Guerilla Green

Guerilla Green

Guerilla Green opens with author and narrator Ophélie Damblé on the Paris Metro to Boulogne-Billancourt, surrounded by people on their phones who are slowly driving her crazy. She snaps, begins handing out seeds (and green advice) to those around her and makes a dramatic exit by quoting Green Guerilla icon Ron Finley, “Let’s plant some @#*%!” Just like that, you are in the headspace this book will occupy. It swings between history lessons on green guerillas around the world, indignation at the state of the world we are in today and actions you can take today to start changing your city. It is a call to action book that uses the graphic novel format to reach out to a broader audience and soften the grim reality it’s trying to bring attention to.

Damblé’s entry into the world of guerilla gardening started when she was approaching age 30 and, having spent a decade in public relations, decided it was time for a life change. She saw friends her age fleeing from the city to the countryside, but she wanted to stay and put in the work to make Paris more beautiful and livable. She shares her research on the notion of rebellious gardening beginning in the 17th century through to today with examples of people and groups around the world continuing this work. Over the next several chapters we get lessons on topics including how to clean up your city, civil disobedience for the greater good, how and where to garden, saving biodiversity and her hopes for the future.

While she does admit that some of these acts and works might seem pretty big, Damblé makes the argument that every movement and change has to start somewhere and it can start with one person. This book is her pitch for each of us to become that one person. Any one of us can start to make a positive change in our city and help the planet by doing a little digging. She’s giving you an outline on how to get started and at the end of the book there is even a list of both French and English resources to keep reading and a list of websites to check out to stay motivated. There are interstitial breaks after each chapter titled “Ophélie explains it all” with a real life photo of Ophélie and friends from that chapter. Ophélie then elaborates on some of the facts from that chapter and any of the details she feels could use more context. These were helpful sections and I could appreciate that they were set aside to give them more serious weight.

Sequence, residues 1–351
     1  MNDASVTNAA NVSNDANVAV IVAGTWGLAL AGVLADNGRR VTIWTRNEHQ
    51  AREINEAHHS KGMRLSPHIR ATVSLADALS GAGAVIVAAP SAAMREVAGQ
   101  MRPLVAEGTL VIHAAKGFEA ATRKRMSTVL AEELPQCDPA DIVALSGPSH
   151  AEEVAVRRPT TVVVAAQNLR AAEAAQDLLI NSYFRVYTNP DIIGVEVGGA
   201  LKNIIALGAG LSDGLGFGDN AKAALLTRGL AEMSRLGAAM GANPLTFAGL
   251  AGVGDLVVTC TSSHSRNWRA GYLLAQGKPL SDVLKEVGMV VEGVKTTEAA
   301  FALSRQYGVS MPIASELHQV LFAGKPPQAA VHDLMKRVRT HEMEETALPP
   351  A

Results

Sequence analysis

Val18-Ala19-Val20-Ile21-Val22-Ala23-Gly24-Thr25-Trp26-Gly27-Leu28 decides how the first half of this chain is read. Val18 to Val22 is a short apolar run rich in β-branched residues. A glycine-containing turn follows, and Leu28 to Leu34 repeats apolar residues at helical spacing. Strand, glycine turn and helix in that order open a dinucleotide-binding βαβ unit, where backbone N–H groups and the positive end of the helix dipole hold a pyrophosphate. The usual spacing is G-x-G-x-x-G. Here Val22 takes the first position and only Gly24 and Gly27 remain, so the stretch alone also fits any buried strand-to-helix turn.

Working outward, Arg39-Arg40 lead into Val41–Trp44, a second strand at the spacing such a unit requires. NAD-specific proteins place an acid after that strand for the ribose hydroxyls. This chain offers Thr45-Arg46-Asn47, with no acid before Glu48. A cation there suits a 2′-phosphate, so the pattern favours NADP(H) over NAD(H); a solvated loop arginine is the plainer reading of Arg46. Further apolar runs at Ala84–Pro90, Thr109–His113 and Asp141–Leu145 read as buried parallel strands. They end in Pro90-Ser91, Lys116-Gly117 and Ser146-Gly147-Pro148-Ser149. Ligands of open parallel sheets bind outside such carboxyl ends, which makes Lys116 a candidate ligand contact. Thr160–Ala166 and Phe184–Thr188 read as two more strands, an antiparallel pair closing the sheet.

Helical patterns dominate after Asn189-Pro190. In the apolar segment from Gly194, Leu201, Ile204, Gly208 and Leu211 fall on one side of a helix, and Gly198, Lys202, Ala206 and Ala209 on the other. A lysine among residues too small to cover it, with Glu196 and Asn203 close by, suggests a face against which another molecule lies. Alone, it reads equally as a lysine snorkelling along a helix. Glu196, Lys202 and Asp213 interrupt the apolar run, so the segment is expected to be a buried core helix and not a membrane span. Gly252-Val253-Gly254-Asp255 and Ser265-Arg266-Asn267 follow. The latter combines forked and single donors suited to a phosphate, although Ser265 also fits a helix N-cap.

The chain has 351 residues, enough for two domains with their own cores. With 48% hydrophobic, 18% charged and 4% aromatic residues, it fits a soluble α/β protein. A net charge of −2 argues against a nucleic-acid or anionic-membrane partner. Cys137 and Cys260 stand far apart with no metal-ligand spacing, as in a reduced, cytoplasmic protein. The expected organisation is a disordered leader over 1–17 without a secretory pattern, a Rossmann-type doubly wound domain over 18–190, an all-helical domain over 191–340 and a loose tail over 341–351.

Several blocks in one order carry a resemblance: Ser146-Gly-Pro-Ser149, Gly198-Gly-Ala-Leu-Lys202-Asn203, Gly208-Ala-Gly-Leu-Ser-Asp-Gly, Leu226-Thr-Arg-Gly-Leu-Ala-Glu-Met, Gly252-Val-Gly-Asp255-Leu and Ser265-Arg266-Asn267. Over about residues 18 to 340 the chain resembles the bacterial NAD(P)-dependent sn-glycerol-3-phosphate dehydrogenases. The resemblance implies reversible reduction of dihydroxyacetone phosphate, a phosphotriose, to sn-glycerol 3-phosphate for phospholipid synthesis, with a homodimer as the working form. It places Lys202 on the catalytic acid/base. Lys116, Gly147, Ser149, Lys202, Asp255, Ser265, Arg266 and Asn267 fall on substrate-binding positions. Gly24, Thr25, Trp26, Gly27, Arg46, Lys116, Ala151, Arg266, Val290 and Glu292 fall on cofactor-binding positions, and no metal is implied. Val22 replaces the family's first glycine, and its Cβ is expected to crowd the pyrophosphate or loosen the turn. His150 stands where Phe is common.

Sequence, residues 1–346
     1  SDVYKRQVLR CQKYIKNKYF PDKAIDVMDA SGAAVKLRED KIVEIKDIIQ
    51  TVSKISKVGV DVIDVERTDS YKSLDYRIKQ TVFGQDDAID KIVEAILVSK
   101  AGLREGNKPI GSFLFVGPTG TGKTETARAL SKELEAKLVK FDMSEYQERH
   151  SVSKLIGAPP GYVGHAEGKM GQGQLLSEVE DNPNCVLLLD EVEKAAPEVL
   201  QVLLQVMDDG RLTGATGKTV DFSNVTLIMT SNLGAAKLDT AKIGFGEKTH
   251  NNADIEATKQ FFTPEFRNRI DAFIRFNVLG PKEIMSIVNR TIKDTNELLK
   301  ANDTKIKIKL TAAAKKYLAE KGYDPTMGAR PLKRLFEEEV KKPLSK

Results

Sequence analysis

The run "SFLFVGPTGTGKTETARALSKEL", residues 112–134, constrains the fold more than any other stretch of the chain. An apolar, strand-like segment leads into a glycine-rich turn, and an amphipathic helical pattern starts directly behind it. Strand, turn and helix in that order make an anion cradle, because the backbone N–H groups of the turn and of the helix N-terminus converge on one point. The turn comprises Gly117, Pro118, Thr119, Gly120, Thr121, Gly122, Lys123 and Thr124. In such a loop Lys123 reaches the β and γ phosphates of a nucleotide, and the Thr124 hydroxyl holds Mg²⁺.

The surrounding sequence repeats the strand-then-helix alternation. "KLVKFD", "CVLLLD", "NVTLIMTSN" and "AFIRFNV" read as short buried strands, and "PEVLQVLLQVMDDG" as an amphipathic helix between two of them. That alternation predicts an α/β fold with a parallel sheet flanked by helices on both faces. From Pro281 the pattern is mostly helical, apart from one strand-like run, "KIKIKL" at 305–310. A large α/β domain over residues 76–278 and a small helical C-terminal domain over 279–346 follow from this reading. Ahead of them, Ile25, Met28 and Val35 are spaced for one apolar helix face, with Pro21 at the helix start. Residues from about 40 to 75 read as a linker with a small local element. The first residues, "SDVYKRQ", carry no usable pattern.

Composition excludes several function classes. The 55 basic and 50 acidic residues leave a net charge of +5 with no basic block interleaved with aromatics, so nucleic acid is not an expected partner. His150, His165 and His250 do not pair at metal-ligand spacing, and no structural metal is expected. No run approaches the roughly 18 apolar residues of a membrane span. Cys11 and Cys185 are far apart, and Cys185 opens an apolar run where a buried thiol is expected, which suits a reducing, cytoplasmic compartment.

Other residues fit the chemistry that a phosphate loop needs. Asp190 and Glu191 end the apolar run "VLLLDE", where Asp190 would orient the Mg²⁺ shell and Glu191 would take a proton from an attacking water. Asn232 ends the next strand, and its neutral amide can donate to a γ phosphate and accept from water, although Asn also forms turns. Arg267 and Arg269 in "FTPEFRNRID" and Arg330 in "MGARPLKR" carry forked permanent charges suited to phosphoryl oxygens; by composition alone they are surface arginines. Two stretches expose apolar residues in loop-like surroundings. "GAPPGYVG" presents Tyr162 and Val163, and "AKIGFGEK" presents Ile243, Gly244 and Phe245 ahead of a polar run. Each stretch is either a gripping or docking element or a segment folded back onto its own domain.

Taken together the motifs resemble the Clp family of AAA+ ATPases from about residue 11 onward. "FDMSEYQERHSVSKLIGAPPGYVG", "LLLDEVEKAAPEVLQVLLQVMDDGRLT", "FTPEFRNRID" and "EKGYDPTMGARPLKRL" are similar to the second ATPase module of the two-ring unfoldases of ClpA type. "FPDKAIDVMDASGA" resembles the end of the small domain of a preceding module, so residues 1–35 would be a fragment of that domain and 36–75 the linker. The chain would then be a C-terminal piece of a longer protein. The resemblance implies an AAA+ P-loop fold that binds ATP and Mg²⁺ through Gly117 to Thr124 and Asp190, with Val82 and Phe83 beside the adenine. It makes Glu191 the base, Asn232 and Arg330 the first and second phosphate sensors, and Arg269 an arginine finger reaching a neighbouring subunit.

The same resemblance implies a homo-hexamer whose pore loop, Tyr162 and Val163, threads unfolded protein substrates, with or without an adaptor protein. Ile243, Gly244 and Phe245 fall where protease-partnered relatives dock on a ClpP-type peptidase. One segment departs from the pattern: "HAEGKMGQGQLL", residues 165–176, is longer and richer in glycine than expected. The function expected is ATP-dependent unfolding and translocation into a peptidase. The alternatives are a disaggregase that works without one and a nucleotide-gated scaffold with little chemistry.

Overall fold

The art by Cookie Kalkair feels reminiscent of Noelle Stevenson’s work on Nimona and Lumberjanes (which was also published by BOOM! Box) and the art is the saving grace of this graphic novel. It’s lighthearted, whimsical, and helps with the rather uneven pacing of the storytelling. The earnestness of the message was undercut at times with some curmudgeonly jabs at younger readers and an unspecified rival’s book, as well as some ill-advised references to historic figures like Rosa Parks. The pacing also varies wildly throughout the book and reading feels stilted as such. While there are some pie-in-the-sky ambitions in Guerilla Green, the hope it exudes, that we can all make a difference, is undeniable. The militaristic mindset, some of the history lessons, and the nature of the topic makes this book better suited to high school teens and older readers. Younger readers may have trouble with context for some of the biggest planetary issues addressed. Big city dwellers will also have more familiarity with some of issues addressed, but that doesn’t mean that it can’t be enjoyed by those with the luxury of a backyard.


Guerilla Green
By Ophélie Damblé
Art by Cookie Kalkair
BOOM! Box, 2021
ISBN: 978-1684156634

NFNT Age Recommendation: Adult (18+), Older Teen (16-18)
Creator Representation: French

Re: Constitutions: Connecting Citizens with the Rules of the Game